Sprouted seeds, grains and beans is a healthy and fun way to bring fresh vegetables into your diet in the winter. Even if you don’t have the space for a garden, there is surely room for a few canning jars on your counter top.
Even those who don’t necessarily consider themselves “gardeners” can grow seeds for sprouting. Use this previous post from Seed To Pantry School to refresh your memory about how to sprout seeds
The goal here is to have a constant supply of fresh greens for your family. Not only will you save money on produce, you will find that sprouting gives you the ability to grow organically, have a constant supply of fresh food, and control what your family is eating.
As Jennifer says, sprouting is a quick way to get greens into your diet. “You can eat the seeds any time after they begin to sprout (as soon as they get those little tails) so that could be as soon as 3 days. It just depends on how you want to eat them.”
Sprouted Seed Characteristics
If you are a beginner to sprouting try many varieties and combinations to find what works best for your family. I’ve found that creating my own sprouting blend is the most cost effective.
There are certain seeds that have similar characteristics. You may wish to take this into consideration when you are creating your own sprouting blends. It can be hard to sprout large and small seeds in the same container.
Small seeds: Alfalfa, Arugula, Clover, Cress, Millet, Sesame
Grains: Barley, Buckwheat, Oats, Rye, Triticale, Wheat
Tender Beans: Mung Beans, Lentils
Hard Beans: Adzuki, Black, Garden Peas, Garbanzo (Chick Peas), Kidney, Lima, Navy, Pinto, Red, Soybean, White
Gelatinous Seeds: Chia, Flax, Garden Cress
Vegetable Seeds: Beets, Broccoli, Brussels Sprouts, Cabbage, Cauliflower, Chard, Endive, Lettuce, Mustard, Onion, Radish, Turnips
Other Seeds: Almond, Pumpkin, Sunflower, Popcorn
As a general rule, sprouts are most nutritious when eaten raw, but they do retain some of their qualities when cooked. For a simple addition to any meal try steaming your sprouts for a few minutes, then toss with butter and serve as a cooked vegetable side dish.
You can also dry them in the dehydrator (low setting) and then grind them. Store the powder in a cool/dark place and add them when you’re baking or to beverages, desserts, and spreads. Use these dried sprouts anywhere you want an extra nutritional boost.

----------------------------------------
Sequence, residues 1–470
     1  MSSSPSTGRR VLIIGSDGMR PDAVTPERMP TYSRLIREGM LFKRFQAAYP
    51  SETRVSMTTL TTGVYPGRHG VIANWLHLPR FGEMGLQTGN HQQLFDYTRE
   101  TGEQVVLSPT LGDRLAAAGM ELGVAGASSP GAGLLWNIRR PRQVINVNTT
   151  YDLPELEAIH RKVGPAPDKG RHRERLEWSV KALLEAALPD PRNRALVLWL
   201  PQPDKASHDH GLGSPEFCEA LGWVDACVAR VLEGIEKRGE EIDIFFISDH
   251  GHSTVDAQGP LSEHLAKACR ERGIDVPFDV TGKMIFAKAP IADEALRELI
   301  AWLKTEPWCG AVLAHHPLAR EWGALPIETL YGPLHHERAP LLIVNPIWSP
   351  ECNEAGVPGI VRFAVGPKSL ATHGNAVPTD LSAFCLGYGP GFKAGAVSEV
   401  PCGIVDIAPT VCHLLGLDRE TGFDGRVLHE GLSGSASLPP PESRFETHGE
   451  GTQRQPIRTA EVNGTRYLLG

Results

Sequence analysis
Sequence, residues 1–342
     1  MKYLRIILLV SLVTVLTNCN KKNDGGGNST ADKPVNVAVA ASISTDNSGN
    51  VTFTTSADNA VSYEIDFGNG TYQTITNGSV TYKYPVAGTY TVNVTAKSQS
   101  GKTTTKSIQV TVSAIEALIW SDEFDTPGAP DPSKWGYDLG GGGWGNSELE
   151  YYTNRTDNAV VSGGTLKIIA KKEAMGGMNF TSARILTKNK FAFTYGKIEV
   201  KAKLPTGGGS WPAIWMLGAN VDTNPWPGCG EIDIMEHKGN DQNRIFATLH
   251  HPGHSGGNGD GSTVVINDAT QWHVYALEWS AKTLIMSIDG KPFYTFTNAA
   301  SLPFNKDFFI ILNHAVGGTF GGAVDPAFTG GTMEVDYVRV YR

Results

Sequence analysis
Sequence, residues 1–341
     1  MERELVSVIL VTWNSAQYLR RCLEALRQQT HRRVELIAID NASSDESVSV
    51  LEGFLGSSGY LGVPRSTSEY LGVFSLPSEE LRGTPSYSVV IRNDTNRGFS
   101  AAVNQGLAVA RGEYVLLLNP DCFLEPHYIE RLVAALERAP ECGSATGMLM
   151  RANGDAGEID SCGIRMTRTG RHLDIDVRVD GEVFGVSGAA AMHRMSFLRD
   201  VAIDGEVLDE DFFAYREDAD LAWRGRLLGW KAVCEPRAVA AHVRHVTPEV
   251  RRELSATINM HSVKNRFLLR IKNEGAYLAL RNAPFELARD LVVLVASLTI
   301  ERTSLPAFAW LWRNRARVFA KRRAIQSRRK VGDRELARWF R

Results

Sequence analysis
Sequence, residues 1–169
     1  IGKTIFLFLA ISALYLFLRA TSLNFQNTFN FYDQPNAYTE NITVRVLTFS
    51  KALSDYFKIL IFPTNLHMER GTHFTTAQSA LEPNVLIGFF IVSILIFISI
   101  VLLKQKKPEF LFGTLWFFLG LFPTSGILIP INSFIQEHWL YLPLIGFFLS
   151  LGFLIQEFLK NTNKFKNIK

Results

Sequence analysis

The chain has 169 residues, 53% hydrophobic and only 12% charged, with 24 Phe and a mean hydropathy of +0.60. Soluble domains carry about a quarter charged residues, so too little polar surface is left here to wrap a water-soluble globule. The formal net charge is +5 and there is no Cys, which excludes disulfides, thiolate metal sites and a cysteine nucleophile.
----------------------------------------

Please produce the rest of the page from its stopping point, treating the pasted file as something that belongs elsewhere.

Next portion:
Sprouted Seed Recipes
These 5 recipes are perfect for introducing your family to fresh sprouts. Let’s get started!
Sprout Stuffed Tomatoes
1 cup lentil sprouts
4 medium size ripe tomatoes
1⁄2 cup chopped celery
1⁄4 cup chopped olives
1⁄2 cup shredded carrot
1⁄2 cup shredded cheddar cheese
1⁄3 cup mayonnaise
Wash and clean the tomatoes by cutting off the stem end and removing the seeds. Sprinkle the inside of each tomato with salt, turn it upside down and chill in the refrigerator for 30 minutes. Combine the remaining ingredients in a medium bowl, divide into 4 equal parts and fill the tomato “cups.” Serve cold.
Cucumber Sprout Spread
1⁄2 cup mung bean sprouts
4 oz. cream cheese
2 oz. blue cheese (or substitute crumbled cheddar cheese)
1⁄2 cup grated cucumber
1⁄4 cup finely chopped celery
1 Tbsp. minced chives
2 Tbsp. chopped olives
Salt and pepper to taste
Bring the cream cheese to room temperature until it can be stirred (or purchase spreadable cheese). Finely chop the mung beans and fold them into the cream cheese. Combine the next 5 ingredients and make sure all excess water is drained. Incorporate them into the cream cheese mixture. Add salt, pepper and paprika to taste. Use this as a refreshing dip with chips and crackers, or as a sandwich filling using whole wheat bread, deli meat, and additional sprouts of your choice.
Wheat Sprout Baking Powder Biscuits
1 cup wheat sprouts
1 cup whole wheat flour
1 cup unbleached white flour
4 tsp. baking powder
2 tsp. sugar
1⁄2 tsp. salt
1⁄2 tsp. cream of tartar
1⁄2 cup shortening
2⁄3 cup milk
Sift the dry ingredients together and cut in the shortening. Combine half of the milk with the wheat sprouts and add it to the dry ingredients. Add enough of the remaining milk to make soft dough. On a floured board, lightly knead the mixture no more than 5 times. Pat the dough into a rectangle ¾ inch thick and cut out 16 biscuits. Bake in a 400° oven for 15 minutes.
Pineapple Pinto Cake
1 1⁄2 cups cooked, mashed pinto bean sprouts
1 cup well-drained crushed pineapple
1 cup brown sugar
1 1⁄4 cup butter
1 egg (beaten)
1 1⁄4 cup flour
1 tsp. baking soda
2 tsp. vanilla
1⁄2 tsp. salt
optional: 1⁄2 cup chopped pecans, 1 cup chopped dates
Preheat oven to 375°. Prepare an 8×13 cake pan by buttering all sides and bottom. Sift the dry ingredients into a bowl. In a separate bowl, cream the sugar, butter, vanilla and egg until well mixed. Stir in the mashed bean sprouts and pineapple to the wet mixture. Slowly begin adding the dry ingredients until well blended. Add the dates and nuts (if using). Bake for 35-40 minutes. Cool in pan and top with caramel frosting.
2 cups sprouted chickpeas, cooked until soft and tender
2 Tbsp. sesame tahini
1 Tbsp. lemon juice
1 clove garlic, chopped
1⁄2 cup extra-virgin olive oil
1 to 1 1⁄2 tsp. Kosher salt (to taste)
Add the sprouted, cooked chickpeas to a blender. Add the other ingredients and process on low until it reaches the consistency you want. Dig in…it’s really that easy. You will never buy hummus again!
Recipe Resources for cooking with sprouts
Consider purchasing Sprouting for All Seasons – How and What to Sprout by Bertha B. Larimore for more recipes to incorporate sprouts into your family meals. You’ll be glad you learned this healthy way to garden in your kitchen.
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